Academic journal article Journal of Economic Cooperation & Development

Cointegration Analysis of Social Services Expenditure and Human Capital Development in Malaysia: A Bound Testing Approach

Academic journal article Journal of Economic Cooperation & Development

Cointegration Analysis of Social Services Expenditure and Human Capital Development in Malaysia: A Bound Testing Approach

Article excerpt

Government expenditure on social services is essential to the development of the economy. This fact also applies to Malaysia, a developing country that aspires to become a developed nation in a few years to come. As the Malaysian government plays a dominant role in financing public education and health services, an analysis on its investment in these areas, if made available, would be able to assist policymakers in generating a strategic plan to enhance human capital development and economic growth. Hence, the aim of this study is to investigate the long-run and short-run relationships between economic growth and social services expenditure with human capital indicators in Malaysia for the period of 1975-2011. The bound testing approach developed within the autoregressive distribution lag (ARDL) framework is employed. The empirical results show that there is a cointegrating relationship between economic growth and the explanatory variables i.e. investment, social services expenditure and human capital indicators. The results revealed that government expenditure in social services are important to human capital development and economic growth, and an increase in health and education capital can help generate better human capital and attain economic sustainability.

(ProQuest: ... denotes formulae omitted.)

1. Introduction

Health and education play an important role in the process of economic development and human capital accumulation. Human capital is a broad concept that identifies human characteristics which can be acquired and could increase the workers' income and productivity level. It is commonly include knowledge and skills of the workers that obtain partly through education, and also their physical capacities such as

strength and vitality, which are dependent on their health and nutrition. Schultz (1961), Denison (1967), Barro (1991) and Barro and Martin (1995) are among the earliest scholars that measures the important of education, nutrition and health as a factors that determine economic growth. Therefore, an increase in government spending in health and education is expected to result in better quality human capital and enhance the economic growth of the country. The contribution of human capital to productivity level and growth has been one of the main focuses in most growth models in recent years.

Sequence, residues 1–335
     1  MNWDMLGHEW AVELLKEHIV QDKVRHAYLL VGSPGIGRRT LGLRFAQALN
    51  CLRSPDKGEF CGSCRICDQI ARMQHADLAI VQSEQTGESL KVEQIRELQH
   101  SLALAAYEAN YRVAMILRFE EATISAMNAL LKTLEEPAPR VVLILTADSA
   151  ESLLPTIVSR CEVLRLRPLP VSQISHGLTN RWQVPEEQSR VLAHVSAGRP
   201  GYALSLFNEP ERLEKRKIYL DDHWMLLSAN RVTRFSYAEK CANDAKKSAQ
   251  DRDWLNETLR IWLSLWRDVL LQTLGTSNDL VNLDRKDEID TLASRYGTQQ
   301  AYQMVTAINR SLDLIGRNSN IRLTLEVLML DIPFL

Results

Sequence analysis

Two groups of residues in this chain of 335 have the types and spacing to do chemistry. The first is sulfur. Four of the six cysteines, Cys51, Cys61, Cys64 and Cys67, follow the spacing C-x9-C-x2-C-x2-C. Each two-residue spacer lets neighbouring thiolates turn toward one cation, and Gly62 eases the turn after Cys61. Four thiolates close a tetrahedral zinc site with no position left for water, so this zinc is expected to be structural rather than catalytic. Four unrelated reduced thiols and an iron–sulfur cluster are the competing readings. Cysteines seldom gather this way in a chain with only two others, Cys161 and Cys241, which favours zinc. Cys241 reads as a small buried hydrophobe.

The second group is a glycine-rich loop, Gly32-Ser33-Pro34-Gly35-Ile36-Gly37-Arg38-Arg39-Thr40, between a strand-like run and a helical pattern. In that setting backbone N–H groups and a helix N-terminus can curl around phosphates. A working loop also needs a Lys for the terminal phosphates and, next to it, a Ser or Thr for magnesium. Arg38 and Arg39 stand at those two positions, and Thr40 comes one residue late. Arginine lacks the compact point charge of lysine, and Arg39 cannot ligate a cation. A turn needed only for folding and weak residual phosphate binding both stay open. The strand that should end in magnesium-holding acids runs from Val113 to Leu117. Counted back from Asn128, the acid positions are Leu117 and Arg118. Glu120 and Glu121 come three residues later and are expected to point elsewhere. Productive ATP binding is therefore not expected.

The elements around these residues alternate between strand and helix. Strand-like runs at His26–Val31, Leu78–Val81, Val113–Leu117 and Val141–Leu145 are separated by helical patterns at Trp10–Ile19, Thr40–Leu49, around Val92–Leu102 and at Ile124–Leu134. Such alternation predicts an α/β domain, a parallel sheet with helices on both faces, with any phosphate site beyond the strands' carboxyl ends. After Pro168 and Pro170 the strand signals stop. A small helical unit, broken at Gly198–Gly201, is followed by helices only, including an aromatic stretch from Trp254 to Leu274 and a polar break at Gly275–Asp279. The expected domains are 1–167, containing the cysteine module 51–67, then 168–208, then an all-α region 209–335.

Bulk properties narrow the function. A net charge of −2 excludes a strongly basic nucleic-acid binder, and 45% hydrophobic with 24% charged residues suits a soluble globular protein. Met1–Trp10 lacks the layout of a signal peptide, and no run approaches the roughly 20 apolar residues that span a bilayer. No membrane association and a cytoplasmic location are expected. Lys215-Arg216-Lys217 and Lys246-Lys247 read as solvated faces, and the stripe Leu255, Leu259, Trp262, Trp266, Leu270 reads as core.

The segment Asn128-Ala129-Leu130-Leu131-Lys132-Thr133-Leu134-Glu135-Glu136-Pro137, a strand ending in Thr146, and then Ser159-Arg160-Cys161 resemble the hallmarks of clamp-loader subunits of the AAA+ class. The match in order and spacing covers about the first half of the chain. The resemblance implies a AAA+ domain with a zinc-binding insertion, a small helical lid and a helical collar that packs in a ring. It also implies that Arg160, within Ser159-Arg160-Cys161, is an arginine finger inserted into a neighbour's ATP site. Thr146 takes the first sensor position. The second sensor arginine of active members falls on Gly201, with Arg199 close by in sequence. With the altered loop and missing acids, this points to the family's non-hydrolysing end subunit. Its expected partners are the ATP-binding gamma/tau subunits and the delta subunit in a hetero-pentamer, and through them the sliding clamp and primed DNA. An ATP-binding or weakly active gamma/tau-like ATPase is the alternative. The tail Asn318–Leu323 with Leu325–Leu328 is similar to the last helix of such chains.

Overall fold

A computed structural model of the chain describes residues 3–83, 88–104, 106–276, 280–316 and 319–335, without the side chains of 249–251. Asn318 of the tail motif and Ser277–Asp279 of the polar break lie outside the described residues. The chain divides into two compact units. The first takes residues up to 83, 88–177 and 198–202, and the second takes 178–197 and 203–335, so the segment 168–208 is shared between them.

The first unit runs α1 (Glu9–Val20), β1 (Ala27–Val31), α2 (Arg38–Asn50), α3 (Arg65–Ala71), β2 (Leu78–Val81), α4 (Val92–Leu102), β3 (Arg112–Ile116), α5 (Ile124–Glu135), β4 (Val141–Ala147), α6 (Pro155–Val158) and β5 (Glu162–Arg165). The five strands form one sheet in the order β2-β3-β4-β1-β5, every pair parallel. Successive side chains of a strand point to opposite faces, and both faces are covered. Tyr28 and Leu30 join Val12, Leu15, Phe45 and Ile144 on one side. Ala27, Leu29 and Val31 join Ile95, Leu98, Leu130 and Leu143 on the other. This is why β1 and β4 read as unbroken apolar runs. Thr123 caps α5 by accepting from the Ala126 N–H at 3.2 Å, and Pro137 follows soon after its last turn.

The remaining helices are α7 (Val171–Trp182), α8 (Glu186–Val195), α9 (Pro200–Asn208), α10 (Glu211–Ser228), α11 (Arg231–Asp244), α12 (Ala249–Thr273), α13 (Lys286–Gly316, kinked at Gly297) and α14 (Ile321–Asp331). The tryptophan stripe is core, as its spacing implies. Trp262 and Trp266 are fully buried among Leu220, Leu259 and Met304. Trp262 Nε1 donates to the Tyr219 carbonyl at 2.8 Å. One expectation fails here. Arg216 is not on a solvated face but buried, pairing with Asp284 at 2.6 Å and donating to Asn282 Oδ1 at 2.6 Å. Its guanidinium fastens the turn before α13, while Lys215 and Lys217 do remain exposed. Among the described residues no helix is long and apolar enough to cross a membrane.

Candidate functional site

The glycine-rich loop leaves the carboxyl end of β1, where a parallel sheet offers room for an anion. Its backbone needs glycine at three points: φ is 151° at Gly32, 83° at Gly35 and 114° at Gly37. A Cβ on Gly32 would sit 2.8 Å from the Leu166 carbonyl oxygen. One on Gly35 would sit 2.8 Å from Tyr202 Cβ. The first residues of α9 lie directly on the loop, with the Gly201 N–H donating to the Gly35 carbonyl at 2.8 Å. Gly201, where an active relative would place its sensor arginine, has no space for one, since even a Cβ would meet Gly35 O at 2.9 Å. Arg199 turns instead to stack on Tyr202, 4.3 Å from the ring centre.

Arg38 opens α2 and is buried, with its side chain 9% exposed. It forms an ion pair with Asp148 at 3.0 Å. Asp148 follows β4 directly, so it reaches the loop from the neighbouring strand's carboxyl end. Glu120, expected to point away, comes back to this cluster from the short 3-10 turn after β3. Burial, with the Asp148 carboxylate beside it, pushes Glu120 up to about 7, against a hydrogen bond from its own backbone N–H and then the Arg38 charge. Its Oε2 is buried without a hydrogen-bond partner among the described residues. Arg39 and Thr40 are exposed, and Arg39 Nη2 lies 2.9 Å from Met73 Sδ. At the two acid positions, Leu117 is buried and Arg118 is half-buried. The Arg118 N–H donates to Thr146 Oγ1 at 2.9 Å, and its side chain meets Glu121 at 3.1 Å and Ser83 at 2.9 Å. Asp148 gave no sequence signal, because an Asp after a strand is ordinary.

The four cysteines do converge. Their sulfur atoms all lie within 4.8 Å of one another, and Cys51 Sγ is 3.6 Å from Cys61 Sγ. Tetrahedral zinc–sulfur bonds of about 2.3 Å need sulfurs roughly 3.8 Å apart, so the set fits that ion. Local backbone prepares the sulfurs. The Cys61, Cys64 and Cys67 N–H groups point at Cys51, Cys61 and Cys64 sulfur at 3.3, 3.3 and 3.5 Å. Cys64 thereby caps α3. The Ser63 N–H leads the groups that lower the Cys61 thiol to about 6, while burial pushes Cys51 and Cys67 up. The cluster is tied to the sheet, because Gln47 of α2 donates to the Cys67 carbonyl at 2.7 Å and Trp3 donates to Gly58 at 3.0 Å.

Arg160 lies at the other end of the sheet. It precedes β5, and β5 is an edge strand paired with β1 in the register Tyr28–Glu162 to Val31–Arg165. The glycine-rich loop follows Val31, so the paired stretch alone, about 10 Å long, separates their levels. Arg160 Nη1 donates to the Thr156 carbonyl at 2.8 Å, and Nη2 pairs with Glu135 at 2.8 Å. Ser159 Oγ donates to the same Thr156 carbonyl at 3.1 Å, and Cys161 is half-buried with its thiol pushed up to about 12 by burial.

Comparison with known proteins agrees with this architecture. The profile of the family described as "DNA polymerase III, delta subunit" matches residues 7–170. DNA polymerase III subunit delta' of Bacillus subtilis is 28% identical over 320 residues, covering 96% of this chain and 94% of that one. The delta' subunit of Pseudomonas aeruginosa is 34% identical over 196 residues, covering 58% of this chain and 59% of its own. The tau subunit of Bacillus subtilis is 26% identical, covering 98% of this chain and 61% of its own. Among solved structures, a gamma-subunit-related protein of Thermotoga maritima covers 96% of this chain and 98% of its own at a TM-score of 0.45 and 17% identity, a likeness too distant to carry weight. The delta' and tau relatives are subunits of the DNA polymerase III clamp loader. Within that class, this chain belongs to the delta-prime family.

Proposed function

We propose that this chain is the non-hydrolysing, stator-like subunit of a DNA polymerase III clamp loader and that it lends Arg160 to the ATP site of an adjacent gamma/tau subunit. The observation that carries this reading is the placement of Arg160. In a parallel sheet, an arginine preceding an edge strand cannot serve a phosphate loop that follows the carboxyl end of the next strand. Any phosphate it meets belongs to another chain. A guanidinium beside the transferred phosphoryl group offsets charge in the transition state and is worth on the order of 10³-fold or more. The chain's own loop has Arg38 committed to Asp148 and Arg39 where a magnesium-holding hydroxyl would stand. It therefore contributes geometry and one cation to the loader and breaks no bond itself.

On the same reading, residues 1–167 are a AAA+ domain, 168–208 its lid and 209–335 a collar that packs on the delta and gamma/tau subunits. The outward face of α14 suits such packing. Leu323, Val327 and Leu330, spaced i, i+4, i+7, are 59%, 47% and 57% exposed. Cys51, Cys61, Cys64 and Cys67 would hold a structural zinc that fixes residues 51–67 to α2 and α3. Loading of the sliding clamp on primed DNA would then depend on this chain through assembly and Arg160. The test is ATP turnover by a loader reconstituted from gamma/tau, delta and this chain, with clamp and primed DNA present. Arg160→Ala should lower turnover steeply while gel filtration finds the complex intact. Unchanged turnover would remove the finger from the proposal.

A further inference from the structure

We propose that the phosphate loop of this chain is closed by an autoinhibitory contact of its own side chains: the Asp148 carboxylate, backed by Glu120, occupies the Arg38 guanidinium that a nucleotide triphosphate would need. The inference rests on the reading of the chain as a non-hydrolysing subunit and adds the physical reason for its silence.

As for Malaysia, government expenditure on education and healthcare is prominent to the economic development especially as Malaysia aims to be high-income economy and developed nation by year 2020 (Tenth Malaysian Plan, 2010-2015). The path towards these visions will be filled with challenges and difficulties especially in producing a firstclass mentality society and productive human capital that is able to generate the economy above the value chain. In order to meet these challenges, policymakers will have to develop sound strategies for a rapid development of human capital. Greater attention should be given to the development of healthy, educated and well-trained manpower capable of high productivity; hence, a vibrant economy. Therefore, education and health are essential in these processes. The studies by Baldacci et al. (2003) and Gupta et al. (2002) found that government expenditure on social services can improve education and health capital such as education attainment and the health status of the society. Baldacci et al. (2008) also discovered that expenditure on education and health had a positive and significant impact on the accumulation of education and health capital as well as economic growth. Thus, an increase in government expenditure on health and education is expected to result in better quality human capital and enhance the economic growth of the country.

As highlighted in the Tenth Malaysia Plan (2011-2015), the government anticipates adopting an integrated human capital and talent development framework starting from early childhood education, basic education, tertiary education and all the way to adult working lives. …

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